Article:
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Tropical Cyclone Activity Report – Atlantic Ocean / Caribbean Sea / Gulf of Mexico

Tropical Cyclone 17L (Ophelia) is located about 200 miles south of the Azores

Hurricane Ophelia remains active over the far eastern Atlantic…as a Category 3 system

Here’s a satellite view, with the looping version…along with what the computer models are showing

Here’s a graphic showing where Ophelia is, along with other current information

Hurricane Ophelia is not a threat to the United States, although potentially brushing parts of the Azores this weekend.

Only 15 hurricanes have passed within 200 nautical miles of the Azores since 1851, according to NOAA’s historical hurricane database.

Ophelia may become a dangerous post-tropical system next week…near the Irish Coast.

While the storm poses no threat to land at the moment, it has become the 10th consecutive storm to grow to hurricane strength…a streak of intense systems that have tied a record last set in the late 1800’s.

It comes in a season that has already produced five major hurricanes, including three Category 5 storms…and 15 named storms.

Maximum sustained winds are 115 mph

According to the NHC:

Hurricane Ophelia  Discussion Number 20
NWS National Hurricane Center Miami FL
1100 AM AST Sat Oct 14 2017

During the past few hours, Ophelia’s satellite presentation has improved significantly. The eye has become even more distinct with a temperature of 16 deg C, and has been surrounded by very deep convection. T-numbers from TAFB and SAB have reached 5.5 on the Dvorak scale, and the objective numbers from CIMMS have been oscillating around T5.8 and T5.9 recently. Based on these estimates, the initial intensity has been increased conservatively to 100 kt, making Ophelia a category 3 hurricane on the SSHS. Ophelia is a quite intense and rare hurricane for its location in the northeastern Atlantic. Increasing shear and cold waters will soon begin to impact Ophelia, and the hurricane should begin to acquire extratropical characteristics in about 36 hours or sooner. Although some weakening is anticipated, Ophelia is expected to reach the British Isles as a powerful extratropical cyclone with hurricane force winds. Dissipation is forecast in about 4 days after the system moved over these Isles.

Satellite fixes indicate that Ophelia is moving toward the northeast or 055 degrees at 22 kt. The hurricane is well embedded within the southwesterly flow associated with the southern extension of a large mid-latitude trough, and this pattern should continue to steer the cyclone northeastward and north-northeastward with increasing forward speed for the next 2 to 3 days until dissipation. Track models are in excellent agreement and the guidance envelope is quite tight. The NHC forecast is not different from previous ones, and it is very close to the HFIP corrected consensus HCCA and the multi-model ensemble TVCX.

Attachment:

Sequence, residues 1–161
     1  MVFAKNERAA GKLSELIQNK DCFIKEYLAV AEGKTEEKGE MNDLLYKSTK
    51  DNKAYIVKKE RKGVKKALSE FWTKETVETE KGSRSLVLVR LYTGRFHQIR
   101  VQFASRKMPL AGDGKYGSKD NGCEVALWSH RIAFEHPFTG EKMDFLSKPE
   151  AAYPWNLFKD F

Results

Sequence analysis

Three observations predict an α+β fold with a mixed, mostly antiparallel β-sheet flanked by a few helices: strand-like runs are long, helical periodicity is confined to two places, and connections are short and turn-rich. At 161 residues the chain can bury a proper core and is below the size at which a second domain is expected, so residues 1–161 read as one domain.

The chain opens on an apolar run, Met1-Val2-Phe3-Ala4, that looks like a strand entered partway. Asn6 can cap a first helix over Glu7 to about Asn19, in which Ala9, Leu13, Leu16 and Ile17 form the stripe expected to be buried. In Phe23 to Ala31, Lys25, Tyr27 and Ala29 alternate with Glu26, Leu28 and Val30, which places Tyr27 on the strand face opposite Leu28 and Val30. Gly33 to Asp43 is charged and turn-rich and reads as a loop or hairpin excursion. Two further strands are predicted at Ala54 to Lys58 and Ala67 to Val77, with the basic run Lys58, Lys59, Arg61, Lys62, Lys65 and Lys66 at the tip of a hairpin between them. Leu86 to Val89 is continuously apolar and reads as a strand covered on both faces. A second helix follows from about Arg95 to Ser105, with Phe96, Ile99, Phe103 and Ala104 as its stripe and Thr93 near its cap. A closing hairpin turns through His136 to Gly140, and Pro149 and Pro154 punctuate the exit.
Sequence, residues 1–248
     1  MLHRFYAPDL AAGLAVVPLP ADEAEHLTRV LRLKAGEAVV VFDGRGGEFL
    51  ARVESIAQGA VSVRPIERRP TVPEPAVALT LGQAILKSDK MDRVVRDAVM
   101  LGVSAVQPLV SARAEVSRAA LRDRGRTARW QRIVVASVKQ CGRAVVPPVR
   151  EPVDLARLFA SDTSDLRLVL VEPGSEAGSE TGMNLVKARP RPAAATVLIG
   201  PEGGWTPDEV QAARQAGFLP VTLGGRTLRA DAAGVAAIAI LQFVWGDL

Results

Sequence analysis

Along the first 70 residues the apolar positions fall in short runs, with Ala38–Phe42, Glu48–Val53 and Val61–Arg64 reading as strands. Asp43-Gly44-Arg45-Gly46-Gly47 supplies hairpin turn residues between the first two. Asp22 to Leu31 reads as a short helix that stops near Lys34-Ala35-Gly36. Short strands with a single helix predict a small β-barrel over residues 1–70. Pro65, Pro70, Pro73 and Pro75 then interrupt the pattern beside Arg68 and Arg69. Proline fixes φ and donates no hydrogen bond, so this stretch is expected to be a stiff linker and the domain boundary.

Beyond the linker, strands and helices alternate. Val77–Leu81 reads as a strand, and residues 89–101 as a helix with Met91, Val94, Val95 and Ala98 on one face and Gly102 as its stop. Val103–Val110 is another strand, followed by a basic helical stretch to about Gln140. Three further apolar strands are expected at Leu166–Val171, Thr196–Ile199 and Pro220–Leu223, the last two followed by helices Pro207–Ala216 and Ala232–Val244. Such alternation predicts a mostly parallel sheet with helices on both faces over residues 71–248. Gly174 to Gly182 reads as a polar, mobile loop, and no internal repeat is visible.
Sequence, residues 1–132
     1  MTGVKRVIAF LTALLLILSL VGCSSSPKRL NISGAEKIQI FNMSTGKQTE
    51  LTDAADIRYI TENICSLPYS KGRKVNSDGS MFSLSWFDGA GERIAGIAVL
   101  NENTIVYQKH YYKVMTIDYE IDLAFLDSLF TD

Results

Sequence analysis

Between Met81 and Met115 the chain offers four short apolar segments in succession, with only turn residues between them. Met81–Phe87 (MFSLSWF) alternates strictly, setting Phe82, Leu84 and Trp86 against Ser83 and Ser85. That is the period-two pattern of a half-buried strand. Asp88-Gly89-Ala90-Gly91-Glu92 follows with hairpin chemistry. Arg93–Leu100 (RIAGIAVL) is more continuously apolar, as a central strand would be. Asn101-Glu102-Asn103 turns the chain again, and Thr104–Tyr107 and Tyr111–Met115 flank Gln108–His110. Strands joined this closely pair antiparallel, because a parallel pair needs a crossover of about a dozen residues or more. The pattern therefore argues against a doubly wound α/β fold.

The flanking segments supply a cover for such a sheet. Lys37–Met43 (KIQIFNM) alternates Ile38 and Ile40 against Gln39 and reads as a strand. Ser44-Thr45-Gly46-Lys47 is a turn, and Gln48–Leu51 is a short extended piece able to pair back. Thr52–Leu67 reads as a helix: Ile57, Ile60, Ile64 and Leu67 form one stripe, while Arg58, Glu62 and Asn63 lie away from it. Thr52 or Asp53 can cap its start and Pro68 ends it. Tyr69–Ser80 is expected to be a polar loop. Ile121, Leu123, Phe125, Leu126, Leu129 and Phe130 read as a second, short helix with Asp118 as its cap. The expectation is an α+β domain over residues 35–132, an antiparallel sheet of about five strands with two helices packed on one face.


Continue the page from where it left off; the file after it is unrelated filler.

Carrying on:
Given that Ophelia is forecast to become extratropical, the wind field should expand, resulting in impacts over portions of the British Isles regardless of its exact location or strength. Although the center of Ophelia is not forecast to reach Ireland or the UK for another couple of days, wind and rains will arrive well in advance of the cyclone center. Individuals in those locations should consult products from their local meteorological service for more information on local impacts.

Tropical-storm-force winds are possible throughout the Azores after Ophelia passes to the south and east later today and tonight as a cold front moves through the islands. Interests in the Azores should refer to products issued by the Azores Weather Forecast and Watch Center.


1. Ophelia is expected to be a powerful extratropical cyclone with hurricane force winds Monday while it moves near Ireland and the United Kingdom. Direct impacts from wind and heavy rain in portions of these areas are likely, along with dangerous marine conditions. For more details on the magnitude, timing, and location of impacts from post-tropical Ophelia, residents in Ireland should refer to products issued by Met Eireann, and residents in the United Kingdom should refer to products issued by the Met Office.


Atlantic Ocean

Tropical cyclone 17L (Ophelia)

NHC textual forecast advisory
NHC graphical track map
NOAA satellite image

1.) Radar and surface observations from the eastern Caribbean indicate that a broad area of low pressure is gradually approaching the Leeward Islands. This low is accompanied by showers and squalls mainly to the east of the center, and this activity is expected to spread westward over the Leeward Islands and the Virgin Islands today and Sunday. Upper-level winds are expected to be unfavorable for development during the next couple of days, but the environment could turn favorable for some development early next week when the system begins to move northward and then recurves over the west-central Atlantic Ocean.

* Formation chance through 48 hours…low…10 percent
* Formation chance through 5 days…medium…40 percent

NOAA satellite image of the Atlantic

Caribbean Sea

NOAA satellite image of the Caribbean Sea

Gulf of Mexico

Latest satellite image of the Gulf of Mexico


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